Won Ju Lim

Los Angeles

at Patrick Painter


Images washed over the walls like waves and sculptures dotted the floor like stalagmites, lending a surreal sensibil­ity to Won Ju Lim’s installation Baroque Pet Shop (2010). As part of a media arts fellowship from the Tribeca Film Institute (supported by the Rockefeller Foundation), the Korean-born artist recently traveled to Dresden, Munich, St. Petersburg, Prague and Vienna to photograph and film examples of Northern Baroque architecture. Lim made liberal use in this exhibition of the resulting foot­age and, more precisely, memories of her travels. She is interested in layers, both material and conceptual. Lim paired video of Baroque cathedrals with images taken in a pet shop in the Highland Park area of Los Angeles; the juxtaposition might seem heavy-handed but the symbolism is sec­ondary to Lim’s complex orchestration of color, light and shadow.

The darkened main gallery was filled with five projections—two of them rotat­ed, overlapping imagery of architectural embellishments, caged birds and bags of feed—and a series of sculptures grouped like islands throughout the space. The sculptures included minia­ture cities built from foamcore, paper, foil and tape, placed on large white pedestals; glass objects—candy dishes, decanters, cake stands—on two tall metal shelving racks; and free­standing cylindrical forms made of plaster, paper, pigment and acrylic gel medium. The glass objects refracted and reflected the projections onto the walls, floors and other sculptures. The effect was something like being in an aquarium: shadows shift, light shivers and pictures float through space like colorful fish. Despite the familiarity of the constituent elements, the move­ment and hushed ambience induced an otherworldly quality characteristic of Lim’s practice in general.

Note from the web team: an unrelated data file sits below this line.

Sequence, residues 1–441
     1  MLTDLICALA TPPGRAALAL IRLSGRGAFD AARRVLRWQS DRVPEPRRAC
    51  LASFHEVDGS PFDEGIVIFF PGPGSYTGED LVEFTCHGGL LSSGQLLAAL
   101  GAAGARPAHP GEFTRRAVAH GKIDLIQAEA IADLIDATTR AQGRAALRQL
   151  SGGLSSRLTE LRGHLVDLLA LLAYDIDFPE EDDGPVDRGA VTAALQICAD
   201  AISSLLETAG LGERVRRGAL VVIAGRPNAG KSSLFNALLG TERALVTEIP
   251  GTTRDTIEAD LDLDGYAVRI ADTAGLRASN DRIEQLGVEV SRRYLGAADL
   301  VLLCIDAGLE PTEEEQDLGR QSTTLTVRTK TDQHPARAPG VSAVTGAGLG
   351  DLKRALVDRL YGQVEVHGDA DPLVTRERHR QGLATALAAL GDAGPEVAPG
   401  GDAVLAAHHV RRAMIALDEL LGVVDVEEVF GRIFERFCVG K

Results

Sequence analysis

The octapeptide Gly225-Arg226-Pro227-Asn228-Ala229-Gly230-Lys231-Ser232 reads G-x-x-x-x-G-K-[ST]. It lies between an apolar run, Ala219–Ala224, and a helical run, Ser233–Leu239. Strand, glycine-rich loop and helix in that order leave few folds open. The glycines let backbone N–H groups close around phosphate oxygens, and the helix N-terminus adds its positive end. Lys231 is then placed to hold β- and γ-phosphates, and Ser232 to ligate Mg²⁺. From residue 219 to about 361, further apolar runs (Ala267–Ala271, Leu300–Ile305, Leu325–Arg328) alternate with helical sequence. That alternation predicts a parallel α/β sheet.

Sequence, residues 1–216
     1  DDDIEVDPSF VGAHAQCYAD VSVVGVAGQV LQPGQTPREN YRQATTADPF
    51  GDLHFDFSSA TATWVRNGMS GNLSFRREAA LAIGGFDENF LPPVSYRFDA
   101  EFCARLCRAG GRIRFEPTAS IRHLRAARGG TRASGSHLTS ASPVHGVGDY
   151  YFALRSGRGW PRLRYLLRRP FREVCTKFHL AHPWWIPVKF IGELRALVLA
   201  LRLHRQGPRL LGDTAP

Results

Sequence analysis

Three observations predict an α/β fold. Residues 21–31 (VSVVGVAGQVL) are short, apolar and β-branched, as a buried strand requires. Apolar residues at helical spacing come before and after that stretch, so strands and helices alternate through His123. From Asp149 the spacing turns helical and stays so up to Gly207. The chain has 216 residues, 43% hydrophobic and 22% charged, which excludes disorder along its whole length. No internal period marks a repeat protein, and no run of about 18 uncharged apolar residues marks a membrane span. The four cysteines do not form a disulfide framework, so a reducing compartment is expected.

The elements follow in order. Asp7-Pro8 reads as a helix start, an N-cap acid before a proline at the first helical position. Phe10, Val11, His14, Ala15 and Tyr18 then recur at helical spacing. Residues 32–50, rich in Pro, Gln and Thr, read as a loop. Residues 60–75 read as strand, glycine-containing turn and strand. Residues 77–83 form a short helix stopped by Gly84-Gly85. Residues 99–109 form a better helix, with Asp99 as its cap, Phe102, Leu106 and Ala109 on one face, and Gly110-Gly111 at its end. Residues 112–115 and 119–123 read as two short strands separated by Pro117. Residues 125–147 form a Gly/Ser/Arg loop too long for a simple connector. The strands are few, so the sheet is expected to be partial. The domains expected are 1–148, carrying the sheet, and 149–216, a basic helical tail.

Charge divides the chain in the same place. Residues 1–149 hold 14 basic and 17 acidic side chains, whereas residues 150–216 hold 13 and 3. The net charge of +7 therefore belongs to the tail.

In the second space were seven collages and five sculptures that con­textualized the installation while being strong independent works. Pieces like Baroque Pet Shop—Activity 4 (2010), featuring a photograph of a birdcage on the left and a drawing of an upside-down cathedral on the right, with gold paint flecked across both, utilize imagery and materials—foamcore, tin foil, cardboard—found in the installa­tion. The sculptures, such as Kitty with Purple Skin, an open cylinder about 3 feet high with a sleek violet exterior and a crystalline interior perched atop a graceful stand, are likewise similar to those in the installation but emboldened by color and texture. Sculptures and collages alike feature circular open­ings, offering views onto other works or revealing pictures beneath the surface. The portholes reinforced the sense of an aqueous environment where meaning, time and space are fluid.

Photos: View of Won Ju Lim’s installation Baroque Pet Shop, 2010, sculptures and video projections; at Patrick Painter.